Religious beliefs. Perhaps the broadest motivation for giving is rooted in religion. All of the world’s major religions stress the importance of charitable giving. According to Giving USA, religious-based organizations are by far the largest recipients of charitable gifts each year. It’s important for those advising clients regarding their philanthropy to be aware of how their religious beliefs may impact their giving.5  

For example, in some cases, donors may wish to keep their giving anonymous for religious reasons and have advisors act as intermediaries for their gifts, shielding their identity from the recipient organization. Donor-advised funds can serve the same purpose.

Social motivations. In other cases, donors may be motivated by social considerations. They may believe that their leadership status in their community demands that they shoulder financial and oversight responsibilities for social and other needs. It’s this motivation that leads tens of thousands of individuals nationwide to volunteer their time to serve on governing boards of as many as 1 million non-profit entities registered with the IRS.  

The concept of noblesse oblige underlies the giving of some individuals who feel that with their wealth and other privileges comes a duty to serve society in terms of time and money, regardless of their religious beliefs.

Political theory. Another group of individuals give because their political philosophy demands it, regardless of other factors. Examples include those who believe in a very limited role for government that doesn’t include funding social welfare, arts and other activities that they believe are best undertaken by civil society (that is, the aggregate of private entities apart from business and government). They believe that it isn’t the role of government to impose taxes and make decisions regarding a multitude of societal needs, but rather is the province of individuals making voluntary contributions of time and money to meet these needs.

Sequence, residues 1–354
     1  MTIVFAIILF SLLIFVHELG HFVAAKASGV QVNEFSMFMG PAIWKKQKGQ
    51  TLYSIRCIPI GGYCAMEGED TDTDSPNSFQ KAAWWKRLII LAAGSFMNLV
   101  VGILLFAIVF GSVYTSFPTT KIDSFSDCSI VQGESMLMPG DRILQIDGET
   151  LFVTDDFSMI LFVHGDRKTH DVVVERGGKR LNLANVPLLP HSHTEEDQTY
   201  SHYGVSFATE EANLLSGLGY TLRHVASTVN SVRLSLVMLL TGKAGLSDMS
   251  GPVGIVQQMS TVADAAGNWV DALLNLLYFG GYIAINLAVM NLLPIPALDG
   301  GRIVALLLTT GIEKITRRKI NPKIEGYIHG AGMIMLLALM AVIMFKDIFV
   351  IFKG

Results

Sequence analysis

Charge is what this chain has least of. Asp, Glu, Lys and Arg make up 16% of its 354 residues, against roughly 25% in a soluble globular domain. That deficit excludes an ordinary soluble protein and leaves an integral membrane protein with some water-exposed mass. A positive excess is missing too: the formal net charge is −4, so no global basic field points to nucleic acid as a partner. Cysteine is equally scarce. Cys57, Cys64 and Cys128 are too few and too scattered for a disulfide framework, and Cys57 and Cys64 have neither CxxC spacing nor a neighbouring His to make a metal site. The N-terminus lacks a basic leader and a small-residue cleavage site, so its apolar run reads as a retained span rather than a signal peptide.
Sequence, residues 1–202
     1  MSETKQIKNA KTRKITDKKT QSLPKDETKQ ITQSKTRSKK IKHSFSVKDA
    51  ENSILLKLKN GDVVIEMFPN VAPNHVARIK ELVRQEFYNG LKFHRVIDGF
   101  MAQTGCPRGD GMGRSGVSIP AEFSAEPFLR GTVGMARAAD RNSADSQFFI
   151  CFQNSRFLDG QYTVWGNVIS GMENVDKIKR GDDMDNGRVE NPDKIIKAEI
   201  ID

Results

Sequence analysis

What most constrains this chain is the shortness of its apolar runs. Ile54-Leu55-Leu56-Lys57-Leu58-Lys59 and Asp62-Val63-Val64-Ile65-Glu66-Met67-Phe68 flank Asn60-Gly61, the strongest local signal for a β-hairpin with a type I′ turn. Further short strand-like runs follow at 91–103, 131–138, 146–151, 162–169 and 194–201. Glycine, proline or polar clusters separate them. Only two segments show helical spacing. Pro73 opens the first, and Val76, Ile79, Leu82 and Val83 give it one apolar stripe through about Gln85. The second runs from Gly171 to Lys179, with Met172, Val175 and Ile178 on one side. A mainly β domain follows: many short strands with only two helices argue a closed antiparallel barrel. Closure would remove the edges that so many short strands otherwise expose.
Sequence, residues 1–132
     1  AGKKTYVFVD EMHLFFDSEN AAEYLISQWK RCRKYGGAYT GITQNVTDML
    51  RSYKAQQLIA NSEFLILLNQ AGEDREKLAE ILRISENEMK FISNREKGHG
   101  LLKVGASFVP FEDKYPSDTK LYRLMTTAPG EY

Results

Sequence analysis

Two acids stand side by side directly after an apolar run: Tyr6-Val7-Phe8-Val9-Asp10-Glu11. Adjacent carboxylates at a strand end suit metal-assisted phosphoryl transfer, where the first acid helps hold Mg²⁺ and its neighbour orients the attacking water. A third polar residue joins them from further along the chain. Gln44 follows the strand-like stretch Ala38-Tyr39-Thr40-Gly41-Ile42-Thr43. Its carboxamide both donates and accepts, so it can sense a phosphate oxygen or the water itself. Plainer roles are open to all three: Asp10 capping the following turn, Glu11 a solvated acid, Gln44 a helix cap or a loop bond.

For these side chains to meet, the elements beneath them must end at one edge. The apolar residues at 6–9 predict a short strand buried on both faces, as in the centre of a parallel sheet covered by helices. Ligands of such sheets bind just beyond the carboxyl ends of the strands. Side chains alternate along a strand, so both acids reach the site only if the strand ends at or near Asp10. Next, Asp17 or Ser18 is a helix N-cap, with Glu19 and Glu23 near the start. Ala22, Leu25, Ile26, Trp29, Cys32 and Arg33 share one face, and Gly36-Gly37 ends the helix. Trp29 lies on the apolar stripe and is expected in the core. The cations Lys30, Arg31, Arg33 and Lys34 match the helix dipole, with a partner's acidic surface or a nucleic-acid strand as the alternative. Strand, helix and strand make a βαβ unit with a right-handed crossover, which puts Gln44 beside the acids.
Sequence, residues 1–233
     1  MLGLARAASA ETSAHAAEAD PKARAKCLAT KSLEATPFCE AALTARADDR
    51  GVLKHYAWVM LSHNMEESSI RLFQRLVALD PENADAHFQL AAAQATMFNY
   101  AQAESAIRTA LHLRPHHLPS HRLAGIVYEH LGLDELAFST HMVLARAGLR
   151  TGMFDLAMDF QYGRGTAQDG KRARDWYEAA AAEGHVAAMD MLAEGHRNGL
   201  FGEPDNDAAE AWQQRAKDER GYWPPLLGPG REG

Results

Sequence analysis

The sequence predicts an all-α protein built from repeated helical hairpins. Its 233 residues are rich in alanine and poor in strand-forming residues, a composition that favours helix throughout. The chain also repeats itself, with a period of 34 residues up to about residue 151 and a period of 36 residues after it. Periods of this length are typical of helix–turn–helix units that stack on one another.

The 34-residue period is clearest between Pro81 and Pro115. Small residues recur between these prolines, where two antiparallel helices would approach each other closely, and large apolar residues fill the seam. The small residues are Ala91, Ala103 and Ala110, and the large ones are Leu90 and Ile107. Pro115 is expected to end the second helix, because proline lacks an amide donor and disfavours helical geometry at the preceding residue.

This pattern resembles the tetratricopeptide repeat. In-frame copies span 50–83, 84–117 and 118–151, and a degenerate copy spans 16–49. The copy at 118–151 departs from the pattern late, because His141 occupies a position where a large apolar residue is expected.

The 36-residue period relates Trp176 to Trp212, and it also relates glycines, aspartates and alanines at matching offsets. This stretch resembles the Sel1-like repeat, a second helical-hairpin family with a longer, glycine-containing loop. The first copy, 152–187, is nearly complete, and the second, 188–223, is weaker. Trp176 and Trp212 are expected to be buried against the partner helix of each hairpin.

Disagreement regarding the role of government as opposed to private support in the realm of health, education, arts and social welfare is at the core of the current debate over the interplay of taxation and charitable giving in the design of a new individual Tax Code.

Emotion. A wide range of human emotions are at the core of many charitable giving decisions. Love, anger, compassion, pride and any number of other feelings have long motivated charitable gifts. An individual may make a significant gift in honor of a loved one to memorialize his memory. Or, he may give out of gratitude for a scholarship that was bestowed on him or out of anger focused on a disease that took the life of a loved one and the fear it could afflict him as well.